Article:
Mmegi Online :: Minority tribes lambast parliament, President Khama
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Last Updated
Tuesday 24 October 2017, 06:00 am.
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Minority tribes lambast parliament, President Khama

FRANCISTOWN: Four cultural organisations advocating for the teaching of 'minority' languages such as, Sekalaka, Sekgalagadi and Setswapong, have expressed disappointment at the rejection of a motion by parliament recently, which sought the introduction of mother tongue teaching.
By Edward Mpoloka
Correspondent
(GMT +2)
Mmegi Online :: Minority tribes lambast parliament, President Khama








The organisations have also expressed dismay at President Ian Khama's statement at a Kgotla meeting in Masunga that his government would not introduce mother tongue teaching.The President was answering a question from a member of the public who had wanted to know when the area language, Sekalaka, would be re-introduced in the education system. Afrikaans, Seyeyi and Sekalaka were taught before independence only to be discontinued after independence with only Setswana and English remaining in the public domain as official languages.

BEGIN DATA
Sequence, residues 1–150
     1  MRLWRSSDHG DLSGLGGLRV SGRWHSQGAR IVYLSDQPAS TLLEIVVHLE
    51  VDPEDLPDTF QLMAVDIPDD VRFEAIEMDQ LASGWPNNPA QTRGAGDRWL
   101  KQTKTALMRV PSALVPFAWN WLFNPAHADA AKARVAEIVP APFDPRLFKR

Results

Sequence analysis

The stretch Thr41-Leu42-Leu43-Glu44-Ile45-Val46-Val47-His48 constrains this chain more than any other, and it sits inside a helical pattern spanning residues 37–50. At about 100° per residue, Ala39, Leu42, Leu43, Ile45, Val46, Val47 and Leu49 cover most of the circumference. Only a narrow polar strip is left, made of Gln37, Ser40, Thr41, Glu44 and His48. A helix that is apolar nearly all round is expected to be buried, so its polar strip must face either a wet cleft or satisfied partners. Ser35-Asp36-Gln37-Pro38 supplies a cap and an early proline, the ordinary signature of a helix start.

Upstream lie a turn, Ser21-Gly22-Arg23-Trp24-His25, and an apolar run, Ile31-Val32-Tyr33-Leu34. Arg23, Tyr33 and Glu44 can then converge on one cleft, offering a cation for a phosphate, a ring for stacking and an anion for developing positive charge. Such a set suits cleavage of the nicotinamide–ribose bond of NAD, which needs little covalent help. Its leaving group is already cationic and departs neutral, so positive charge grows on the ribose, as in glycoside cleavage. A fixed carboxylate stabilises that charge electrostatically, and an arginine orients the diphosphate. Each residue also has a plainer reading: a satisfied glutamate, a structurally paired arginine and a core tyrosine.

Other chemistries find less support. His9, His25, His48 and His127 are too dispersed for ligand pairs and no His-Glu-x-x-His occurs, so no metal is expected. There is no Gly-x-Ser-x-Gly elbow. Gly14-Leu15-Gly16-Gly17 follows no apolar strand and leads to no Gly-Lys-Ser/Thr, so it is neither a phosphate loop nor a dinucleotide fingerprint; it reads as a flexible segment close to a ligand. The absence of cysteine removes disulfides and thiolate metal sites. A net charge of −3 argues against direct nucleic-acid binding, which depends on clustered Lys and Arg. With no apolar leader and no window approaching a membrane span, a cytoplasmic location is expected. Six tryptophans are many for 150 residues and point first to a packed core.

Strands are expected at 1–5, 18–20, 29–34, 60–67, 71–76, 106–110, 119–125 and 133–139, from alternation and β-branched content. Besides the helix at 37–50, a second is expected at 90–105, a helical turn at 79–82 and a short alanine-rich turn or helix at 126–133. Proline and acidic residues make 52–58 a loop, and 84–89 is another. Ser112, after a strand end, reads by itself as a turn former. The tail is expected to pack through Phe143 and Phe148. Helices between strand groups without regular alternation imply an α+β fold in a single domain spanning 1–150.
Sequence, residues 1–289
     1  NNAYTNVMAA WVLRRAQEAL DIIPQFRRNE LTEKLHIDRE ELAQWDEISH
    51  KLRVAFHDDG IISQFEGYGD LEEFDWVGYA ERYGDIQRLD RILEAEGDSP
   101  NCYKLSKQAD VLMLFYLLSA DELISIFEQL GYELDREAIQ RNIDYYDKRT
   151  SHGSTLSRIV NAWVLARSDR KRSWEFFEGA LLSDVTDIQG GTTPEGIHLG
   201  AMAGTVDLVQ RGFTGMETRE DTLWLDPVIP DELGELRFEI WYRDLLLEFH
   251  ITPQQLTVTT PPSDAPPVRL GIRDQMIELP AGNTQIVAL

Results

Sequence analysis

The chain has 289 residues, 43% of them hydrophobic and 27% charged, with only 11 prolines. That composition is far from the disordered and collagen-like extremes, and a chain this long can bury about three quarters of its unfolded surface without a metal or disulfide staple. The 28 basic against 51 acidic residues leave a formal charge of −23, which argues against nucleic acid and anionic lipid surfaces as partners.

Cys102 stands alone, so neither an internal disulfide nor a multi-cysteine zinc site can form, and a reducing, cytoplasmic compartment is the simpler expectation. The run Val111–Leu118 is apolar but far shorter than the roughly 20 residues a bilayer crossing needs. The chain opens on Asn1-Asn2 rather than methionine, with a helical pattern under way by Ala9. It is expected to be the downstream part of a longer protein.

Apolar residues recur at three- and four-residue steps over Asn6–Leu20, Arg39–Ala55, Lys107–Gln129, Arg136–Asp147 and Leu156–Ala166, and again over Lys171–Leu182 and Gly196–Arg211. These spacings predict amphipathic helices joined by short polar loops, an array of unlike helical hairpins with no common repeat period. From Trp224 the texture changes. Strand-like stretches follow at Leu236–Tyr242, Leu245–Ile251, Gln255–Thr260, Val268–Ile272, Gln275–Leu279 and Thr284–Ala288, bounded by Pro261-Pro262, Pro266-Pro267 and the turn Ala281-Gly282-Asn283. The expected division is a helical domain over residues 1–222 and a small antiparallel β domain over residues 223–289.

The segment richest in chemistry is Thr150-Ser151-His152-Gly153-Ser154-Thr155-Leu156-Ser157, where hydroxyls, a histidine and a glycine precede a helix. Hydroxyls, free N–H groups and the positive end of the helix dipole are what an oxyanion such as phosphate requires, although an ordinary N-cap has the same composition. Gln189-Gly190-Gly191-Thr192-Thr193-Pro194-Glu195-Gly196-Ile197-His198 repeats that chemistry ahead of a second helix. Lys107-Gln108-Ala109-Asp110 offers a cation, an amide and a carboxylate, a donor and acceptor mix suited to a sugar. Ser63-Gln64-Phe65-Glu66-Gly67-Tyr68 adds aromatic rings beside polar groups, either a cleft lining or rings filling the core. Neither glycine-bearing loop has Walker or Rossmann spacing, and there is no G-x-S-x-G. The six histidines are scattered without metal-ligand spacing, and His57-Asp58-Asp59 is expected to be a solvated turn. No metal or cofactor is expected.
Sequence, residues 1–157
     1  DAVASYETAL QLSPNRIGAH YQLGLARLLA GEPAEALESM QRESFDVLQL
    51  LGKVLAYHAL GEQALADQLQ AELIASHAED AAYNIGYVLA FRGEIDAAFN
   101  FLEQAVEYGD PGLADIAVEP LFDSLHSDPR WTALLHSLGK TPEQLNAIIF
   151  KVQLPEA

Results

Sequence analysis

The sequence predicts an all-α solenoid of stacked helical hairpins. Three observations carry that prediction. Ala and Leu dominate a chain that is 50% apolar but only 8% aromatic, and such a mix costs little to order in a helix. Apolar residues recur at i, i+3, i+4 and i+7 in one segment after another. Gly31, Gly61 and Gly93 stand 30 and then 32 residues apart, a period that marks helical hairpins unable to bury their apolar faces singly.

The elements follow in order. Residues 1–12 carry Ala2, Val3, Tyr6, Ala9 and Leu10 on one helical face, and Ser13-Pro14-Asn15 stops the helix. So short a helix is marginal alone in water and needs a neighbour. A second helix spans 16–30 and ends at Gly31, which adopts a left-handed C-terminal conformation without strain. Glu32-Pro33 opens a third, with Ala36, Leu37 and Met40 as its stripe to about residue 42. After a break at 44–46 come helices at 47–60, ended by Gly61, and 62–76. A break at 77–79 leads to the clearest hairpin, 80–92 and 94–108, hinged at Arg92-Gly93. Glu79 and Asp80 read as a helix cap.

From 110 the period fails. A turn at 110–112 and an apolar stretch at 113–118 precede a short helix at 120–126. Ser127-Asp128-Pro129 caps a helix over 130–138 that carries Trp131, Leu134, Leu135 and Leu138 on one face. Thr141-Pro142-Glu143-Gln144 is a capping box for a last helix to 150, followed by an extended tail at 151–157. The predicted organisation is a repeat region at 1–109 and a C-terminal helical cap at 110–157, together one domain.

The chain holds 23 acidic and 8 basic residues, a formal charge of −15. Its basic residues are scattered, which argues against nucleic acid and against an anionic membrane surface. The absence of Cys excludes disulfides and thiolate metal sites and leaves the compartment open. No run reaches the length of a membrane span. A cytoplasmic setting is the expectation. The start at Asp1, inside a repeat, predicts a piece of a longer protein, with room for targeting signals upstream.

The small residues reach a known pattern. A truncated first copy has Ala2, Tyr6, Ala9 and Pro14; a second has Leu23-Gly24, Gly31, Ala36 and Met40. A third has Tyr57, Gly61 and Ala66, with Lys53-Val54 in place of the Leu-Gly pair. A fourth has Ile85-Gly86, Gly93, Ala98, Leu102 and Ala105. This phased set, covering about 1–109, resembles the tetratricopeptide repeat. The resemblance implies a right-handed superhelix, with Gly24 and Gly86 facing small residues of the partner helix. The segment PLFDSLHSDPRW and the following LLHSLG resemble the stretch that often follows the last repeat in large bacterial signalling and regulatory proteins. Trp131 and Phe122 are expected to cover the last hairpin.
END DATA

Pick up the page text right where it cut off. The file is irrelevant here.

Government argued even then that teaching the other languages was not only a needless financial burden to the fledgling economy but was inimical to national unity.Ironically the most zealous defenders of the status quo were members of Parliament from Tswapong and Bokalaka tribal communities.In a press release, the publicity and information secretary of the Domboshaba Cultural Trust  (DCT) Kangagwani Phatshwane, notes that, "The recent vote by Parliament, an institution at which we have representatives who ought to express our will is a monumental loss of opportunity to stop discrimination on the basis of language. 

"The decision by parliament entrenches discrimination and is at odds with the wishes of Bakalanga."
The DCT spokesperson feels that the denial of other tribes to be taught in their languages amounts to discrimination and abuse of children's rights of the kind that is morally indefensible and inhuman.Phatshwane concludes thus, "The use or denial of the use of a language, a God-given right and collective resource ought not to be left  for the partisan wishes of a few but determined by the collective wish of the communities that own the language."

The Secretary General of the Society for the Promotion of Ikalanga Language (SPIL), Professor Richard Tabulawa says that although disappointed, his organisation was not surprised that the Botswana Democratic Party (BDP) dominated parliament rejected the motion."Paradoxically, the President's views are anti his principle of Dignity.  We all derive our dignity from our cultures.  When you deprive a human being of his culture you kill his soul. "What we are witnessing in Botswana is cultural genocide of unimaginable proportions in a country that prides itself on its democratic credentials," declares Professor Tabulawa on the President's reaction to the question at Masunga.